The chance of a comprehensive deal between the United States and China to mitigate the ongoing trade war looks unlikely, according to Liz Ann Sonders the chief investment strategist and a senior vice president at Charles Schwab & Co., Inc. (SCHW)
“We’re really looking at an environment, I think, where too much damage has been done on the perception of both sides to expect a deal that looks anything like the comprehensive deal that was hoped for even a few months ago,” she told Yahoo Finance’s On the Move.
President Donald Trump tweeted Thursday highlighting the strength of the U.S. economy after Wednesday’s massive market selloff. The Dow Jones Industrial Average (^DJI) closed down 800 points — its worst performance in 2019. It recovered a bit Thursday closing up almost 100 points.
The United States is now, by far, the Biggest, Strongest and Most Powerful Economy in the World, it is not even close! As others falter, we will only get stronger. Consumers are in the best shape ever, plenty of cash. Business Optimism is at an All Time High!
— Donald J. Trump (@realDonaldTrump) August 15, 2019
“I don’t think it generally ever makes sense to trade around short-term news items.” She warns that the level of uncertainty with regard to the president’s tweets can swing markets in either direction.” said Sonders.
But so can statements from the Chinese. The Chinese government warned Thursday that it “will have to take necessary countermeasures” since the U.S. still intends to impose a 10% tariff on roughly $150 billion worth of imports from China starting September 1.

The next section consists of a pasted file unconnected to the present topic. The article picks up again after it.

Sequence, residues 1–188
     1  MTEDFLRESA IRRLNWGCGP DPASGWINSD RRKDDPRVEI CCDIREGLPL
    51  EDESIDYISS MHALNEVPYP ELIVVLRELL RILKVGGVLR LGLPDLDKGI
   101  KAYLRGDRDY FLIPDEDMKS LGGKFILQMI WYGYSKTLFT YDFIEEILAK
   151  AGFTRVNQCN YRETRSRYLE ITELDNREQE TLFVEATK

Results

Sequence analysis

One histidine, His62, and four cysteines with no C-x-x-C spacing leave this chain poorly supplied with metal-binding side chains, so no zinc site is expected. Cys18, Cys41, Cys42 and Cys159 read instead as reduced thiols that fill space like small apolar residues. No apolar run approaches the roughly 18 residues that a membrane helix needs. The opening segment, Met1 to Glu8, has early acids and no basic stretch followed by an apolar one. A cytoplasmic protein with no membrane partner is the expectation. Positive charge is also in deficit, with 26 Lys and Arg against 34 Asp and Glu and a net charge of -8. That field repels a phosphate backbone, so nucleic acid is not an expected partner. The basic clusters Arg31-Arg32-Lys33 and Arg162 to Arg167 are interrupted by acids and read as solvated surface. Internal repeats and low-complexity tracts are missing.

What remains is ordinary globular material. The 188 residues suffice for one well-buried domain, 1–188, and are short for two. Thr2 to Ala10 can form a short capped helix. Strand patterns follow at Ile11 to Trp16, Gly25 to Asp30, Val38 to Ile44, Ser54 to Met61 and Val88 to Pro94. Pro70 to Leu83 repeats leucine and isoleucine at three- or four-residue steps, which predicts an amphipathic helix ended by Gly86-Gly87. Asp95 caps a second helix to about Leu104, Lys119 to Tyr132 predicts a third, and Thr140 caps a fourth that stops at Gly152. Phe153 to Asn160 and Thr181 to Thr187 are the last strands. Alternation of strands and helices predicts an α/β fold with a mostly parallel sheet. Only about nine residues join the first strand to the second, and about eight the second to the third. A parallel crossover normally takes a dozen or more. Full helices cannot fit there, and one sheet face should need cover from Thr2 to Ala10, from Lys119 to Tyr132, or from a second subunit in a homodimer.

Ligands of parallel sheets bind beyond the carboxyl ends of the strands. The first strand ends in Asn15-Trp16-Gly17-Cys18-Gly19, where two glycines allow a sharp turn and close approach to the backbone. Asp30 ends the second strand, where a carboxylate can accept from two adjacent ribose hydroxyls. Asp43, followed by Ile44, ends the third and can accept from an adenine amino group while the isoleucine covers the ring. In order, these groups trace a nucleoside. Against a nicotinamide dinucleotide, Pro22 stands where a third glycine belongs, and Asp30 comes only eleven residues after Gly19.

“The move by the U.S. seriously violated the consensus reached between the two heads of state in Argentina and Osaka, and deviates from the right track of resolving differences through consultation,” The State Council’s Customs Tariff Commission said in a statement:
Sonders’ advice to investors is to beware of the daily statements from both sides “The algorithmic traders have the upper hand on a short-term basis,” she said.
She added that the U.S. economy is still fundamentally strong and “our message to our mostly individual investors in our client base is if anything, lengthen time horizons, because over any reasonably long period of time, ostensibly there’s still going to be a connection between prices and fundamentals.”
But economic warning signs are flashing. Sonders points to a deterioration in manufacturing in the U.S., “which is already in recession territory globally.”
She worries the negative news regarding manufacturing could become a self-fulfilling prophecy for consumers worried about a recession “and increasingly looking like that could happen in the U.S. if that actually starts to filter into the hard data, that ultimately affects the consumer.”
Adam Shapiro is co-anchor of Yahoo Finance On the Move.
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